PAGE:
This article, Bad Thinkers, argues that believing weird stuff is often due to bad information, but to flawed intellectual character:
I want to argue for something which is controversial, although I believe that it is also intuitive and commonsensical. My claim is this: Oliver believes what he does because that is the kind of thinker he is or, to put it more bluntly, because there is something wrong with how he thinks. The problem with conspiracy theorists is not, as the US legal scholar Cass Sunstein argues, that they have little relevant information. The key to what they end up believing is how they interpret and respond to the vast quantities of relevant information at their disposal. I want to suggest that this is fundamentally a question of the way they are. Oliver isn’t mad (or at least, he needn’t be). Nevertheless, his beliefs about 9/11 are the result of the peculiarities of his intellectual constitution – in a word, of his intellectual character.
Although the writer’s example centers around 9/11 conspiracy theories, his case does not, so if you are more sympathetic to that particular theory than the writer you can choose something else—the vast right-wing conspiracy, maybe, or (something the writer himself is guilty of) an unexamined faith in the redeeming power of education.
I like the idea of intellectual virtues and vices, and I think the items he puts on each list belong there.
Gullibility, carelessness and closed-mindedness are examples of what the US philosopher Linda Zagzebski, in her book Virtues of the Mind(1996), has called ‘intellectual vices’. Others include negligence, idleness, rigidity, obtuseness, prejudice, lack of thoroughness, and insensitivity to detail. Intellectual character traits are habits or styles of thinking.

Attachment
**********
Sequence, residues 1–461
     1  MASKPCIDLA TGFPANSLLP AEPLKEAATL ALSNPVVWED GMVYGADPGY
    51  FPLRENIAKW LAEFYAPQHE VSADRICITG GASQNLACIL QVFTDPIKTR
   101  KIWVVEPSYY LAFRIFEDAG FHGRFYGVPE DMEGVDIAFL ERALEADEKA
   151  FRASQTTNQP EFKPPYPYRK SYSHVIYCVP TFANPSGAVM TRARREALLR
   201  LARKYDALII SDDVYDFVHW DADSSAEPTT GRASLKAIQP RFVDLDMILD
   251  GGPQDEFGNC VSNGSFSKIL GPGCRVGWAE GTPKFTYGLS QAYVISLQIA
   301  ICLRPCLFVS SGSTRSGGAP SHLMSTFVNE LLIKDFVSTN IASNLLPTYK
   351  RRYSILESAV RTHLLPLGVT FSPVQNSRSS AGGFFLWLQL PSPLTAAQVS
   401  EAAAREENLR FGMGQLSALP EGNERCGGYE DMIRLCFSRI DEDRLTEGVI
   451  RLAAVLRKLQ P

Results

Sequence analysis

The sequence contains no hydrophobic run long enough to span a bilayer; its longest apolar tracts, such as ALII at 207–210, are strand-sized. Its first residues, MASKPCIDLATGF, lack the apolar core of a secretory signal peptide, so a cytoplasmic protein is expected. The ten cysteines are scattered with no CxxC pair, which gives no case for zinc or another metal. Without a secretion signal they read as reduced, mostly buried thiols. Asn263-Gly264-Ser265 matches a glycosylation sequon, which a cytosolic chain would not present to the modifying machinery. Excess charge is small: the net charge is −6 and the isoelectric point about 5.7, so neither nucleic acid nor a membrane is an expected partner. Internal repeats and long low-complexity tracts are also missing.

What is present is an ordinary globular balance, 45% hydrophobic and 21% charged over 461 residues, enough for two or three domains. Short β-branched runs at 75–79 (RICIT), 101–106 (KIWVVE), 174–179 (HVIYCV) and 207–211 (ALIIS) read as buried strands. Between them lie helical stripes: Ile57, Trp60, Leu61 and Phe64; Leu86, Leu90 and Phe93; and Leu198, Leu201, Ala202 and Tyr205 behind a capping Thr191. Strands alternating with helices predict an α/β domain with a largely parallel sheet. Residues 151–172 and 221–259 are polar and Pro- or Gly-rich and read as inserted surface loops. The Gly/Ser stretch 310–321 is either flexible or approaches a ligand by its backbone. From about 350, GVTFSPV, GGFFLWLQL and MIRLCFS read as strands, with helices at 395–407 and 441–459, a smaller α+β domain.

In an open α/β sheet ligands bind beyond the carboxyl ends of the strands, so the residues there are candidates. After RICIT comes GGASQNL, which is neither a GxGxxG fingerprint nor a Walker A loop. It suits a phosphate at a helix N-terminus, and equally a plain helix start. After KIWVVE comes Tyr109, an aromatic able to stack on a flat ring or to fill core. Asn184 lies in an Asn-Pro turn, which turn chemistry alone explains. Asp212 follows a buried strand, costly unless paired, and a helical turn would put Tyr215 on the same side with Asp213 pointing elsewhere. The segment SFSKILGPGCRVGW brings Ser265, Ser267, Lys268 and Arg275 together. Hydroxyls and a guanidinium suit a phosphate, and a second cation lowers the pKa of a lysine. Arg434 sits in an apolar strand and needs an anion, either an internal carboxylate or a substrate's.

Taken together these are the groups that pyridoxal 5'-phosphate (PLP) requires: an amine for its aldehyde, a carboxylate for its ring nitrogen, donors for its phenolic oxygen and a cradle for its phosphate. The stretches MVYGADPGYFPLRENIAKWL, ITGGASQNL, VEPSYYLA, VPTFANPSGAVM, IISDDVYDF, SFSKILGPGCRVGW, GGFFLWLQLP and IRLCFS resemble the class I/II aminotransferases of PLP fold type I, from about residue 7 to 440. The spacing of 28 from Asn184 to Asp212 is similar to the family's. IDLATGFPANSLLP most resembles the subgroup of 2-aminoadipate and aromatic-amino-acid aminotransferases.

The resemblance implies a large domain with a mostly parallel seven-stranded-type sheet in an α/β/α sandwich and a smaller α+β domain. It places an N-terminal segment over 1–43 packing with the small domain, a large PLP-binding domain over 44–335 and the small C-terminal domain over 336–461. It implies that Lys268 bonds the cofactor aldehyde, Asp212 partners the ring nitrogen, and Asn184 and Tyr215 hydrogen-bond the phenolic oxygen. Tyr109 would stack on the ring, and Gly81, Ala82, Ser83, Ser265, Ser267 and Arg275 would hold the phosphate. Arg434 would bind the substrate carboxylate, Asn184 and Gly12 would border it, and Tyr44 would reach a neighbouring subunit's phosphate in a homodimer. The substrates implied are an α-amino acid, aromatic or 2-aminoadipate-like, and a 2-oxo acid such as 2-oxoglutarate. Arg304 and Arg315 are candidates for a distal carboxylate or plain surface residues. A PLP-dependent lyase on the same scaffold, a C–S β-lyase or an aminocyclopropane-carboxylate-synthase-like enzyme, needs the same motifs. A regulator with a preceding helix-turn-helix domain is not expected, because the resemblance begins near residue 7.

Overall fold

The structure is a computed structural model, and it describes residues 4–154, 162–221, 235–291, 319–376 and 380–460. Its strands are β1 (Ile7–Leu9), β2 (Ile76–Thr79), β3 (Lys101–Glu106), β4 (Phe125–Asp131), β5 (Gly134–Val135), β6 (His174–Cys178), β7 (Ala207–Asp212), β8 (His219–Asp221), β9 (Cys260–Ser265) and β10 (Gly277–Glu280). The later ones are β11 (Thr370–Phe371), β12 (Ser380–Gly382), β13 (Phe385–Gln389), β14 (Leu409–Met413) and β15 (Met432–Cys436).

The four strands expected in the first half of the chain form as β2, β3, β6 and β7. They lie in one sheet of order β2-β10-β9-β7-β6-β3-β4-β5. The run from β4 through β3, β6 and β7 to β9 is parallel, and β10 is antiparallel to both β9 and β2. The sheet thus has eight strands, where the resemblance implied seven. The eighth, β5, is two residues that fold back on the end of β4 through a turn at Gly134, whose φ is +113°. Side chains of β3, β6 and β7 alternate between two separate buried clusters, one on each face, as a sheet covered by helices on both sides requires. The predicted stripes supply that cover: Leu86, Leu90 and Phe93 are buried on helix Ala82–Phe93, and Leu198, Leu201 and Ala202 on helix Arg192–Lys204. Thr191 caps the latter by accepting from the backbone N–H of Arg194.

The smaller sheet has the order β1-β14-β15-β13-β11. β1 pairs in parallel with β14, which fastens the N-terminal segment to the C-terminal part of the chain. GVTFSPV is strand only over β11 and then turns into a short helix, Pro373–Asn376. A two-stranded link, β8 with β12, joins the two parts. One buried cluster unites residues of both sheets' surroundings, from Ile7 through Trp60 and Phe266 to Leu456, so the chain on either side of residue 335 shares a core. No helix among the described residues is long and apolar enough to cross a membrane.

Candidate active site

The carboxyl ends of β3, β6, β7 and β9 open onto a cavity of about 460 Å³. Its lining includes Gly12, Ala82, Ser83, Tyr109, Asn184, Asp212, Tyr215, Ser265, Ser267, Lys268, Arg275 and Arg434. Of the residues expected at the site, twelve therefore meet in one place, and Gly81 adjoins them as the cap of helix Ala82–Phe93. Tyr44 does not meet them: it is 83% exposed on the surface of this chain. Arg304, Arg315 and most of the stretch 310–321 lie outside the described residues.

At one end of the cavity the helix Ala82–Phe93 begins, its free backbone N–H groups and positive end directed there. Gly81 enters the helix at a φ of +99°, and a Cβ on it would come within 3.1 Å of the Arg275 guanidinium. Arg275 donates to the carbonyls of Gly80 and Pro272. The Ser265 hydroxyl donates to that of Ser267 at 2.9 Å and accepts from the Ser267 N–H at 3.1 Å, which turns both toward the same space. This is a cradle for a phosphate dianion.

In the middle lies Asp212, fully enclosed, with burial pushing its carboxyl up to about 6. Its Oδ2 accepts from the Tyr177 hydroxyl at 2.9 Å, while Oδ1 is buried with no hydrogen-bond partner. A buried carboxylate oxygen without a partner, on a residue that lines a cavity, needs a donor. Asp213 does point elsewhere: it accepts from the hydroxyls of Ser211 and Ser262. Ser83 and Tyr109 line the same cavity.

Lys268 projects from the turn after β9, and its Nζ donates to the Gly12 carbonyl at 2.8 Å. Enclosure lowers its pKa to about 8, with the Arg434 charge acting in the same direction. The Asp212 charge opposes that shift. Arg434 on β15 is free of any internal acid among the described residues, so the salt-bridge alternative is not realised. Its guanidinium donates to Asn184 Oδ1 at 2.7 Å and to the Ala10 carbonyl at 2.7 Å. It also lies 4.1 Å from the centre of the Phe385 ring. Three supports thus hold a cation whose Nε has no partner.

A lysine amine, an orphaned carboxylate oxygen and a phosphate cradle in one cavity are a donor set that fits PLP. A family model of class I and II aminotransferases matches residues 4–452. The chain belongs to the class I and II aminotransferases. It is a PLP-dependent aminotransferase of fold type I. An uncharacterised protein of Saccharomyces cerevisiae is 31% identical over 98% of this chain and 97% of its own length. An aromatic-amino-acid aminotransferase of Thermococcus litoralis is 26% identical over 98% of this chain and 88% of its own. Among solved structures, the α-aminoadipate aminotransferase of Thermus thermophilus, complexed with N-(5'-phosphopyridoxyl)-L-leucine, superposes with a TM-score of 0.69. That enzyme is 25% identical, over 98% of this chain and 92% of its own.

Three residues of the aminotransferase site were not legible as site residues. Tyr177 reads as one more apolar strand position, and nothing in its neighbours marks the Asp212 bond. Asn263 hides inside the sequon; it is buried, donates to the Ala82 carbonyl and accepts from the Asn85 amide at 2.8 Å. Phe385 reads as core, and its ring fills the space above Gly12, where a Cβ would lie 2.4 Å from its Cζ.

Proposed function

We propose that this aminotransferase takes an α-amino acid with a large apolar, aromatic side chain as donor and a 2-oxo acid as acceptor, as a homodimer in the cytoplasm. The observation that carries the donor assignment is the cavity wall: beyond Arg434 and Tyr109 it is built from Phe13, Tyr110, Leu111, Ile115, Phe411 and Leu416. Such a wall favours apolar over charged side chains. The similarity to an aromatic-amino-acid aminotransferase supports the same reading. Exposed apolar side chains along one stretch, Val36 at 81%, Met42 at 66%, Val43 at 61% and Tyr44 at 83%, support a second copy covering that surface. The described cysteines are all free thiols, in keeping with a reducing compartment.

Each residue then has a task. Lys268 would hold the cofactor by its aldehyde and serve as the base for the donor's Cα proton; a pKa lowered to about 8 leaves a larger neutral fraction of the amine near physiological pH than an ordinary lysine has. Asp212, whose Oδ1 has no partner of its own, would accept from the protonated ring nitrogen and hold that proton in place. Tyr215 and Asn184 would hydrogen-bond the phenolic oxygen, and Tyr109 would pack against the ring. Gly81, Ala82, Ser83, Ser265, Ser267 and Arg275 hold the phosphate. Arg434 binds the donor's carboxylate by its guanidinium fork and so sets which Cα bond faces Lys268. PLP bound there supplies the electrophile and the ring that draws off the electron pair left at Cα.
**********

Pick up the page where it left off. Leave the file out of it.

To describe Oliver as gullible or careless is to say something about his intellectual style or mind-set – for example, about how he goes about trying to find out things about events such as 9/11. Intellectual character traits that aid effective and responsible enquiry are intellectual virtues, whereas intellectual vices are intellectual character traits that impede effective and responsible inquiry. Humility, caution and carefulness are among the intellectual virtues Oliver plainly lacks, and that is why his attempts to get to the bottom of 9/11 are so flawed.
[…] Our intellectual vices are balanced by our intellectual virtues, by intellectual character traits such as open-mindedness, curiosity and rigour.
The nicest example of intellectual character fostering questionable beliefs is a psychologist investigating the idea of basketball players having a “hot hand,” something that is easily disproven.
Gilovich used detailed statistical analysis to demonstrate that the hot hand doesn’t exist – performance on a given shot is independent of performance on previous shots. The question is, why do so many basketball coaches, players and fans believe in it anyway? Gilovich’s cognitive explanation is that belief in the hot hand is due to our faulty intuitions about chance sequences; as a species, we’re bad at recognising what genuinely random sequences look like.
And yet when Gilovich sent his results to a bunch of basketball coaches, what happened next is extremely revealing. One responded: ‘Who is this guy? So he makes a study. I couldn’t care less.’ This seems like a perfect illustration of intellectual vices in operation. The dismissive reaction manifested a range of vices, including closed-mindedness and prejudice.
This in a nutshell is the danger of seeking out like-minded community, where the goal is largely to avoid direct encounters with challenging viewpoints, preferring to hoot and holler at them from a distance, taking strength not from the soundness of your thinking but from the uncritical encouragement of your fellow enthusiasts.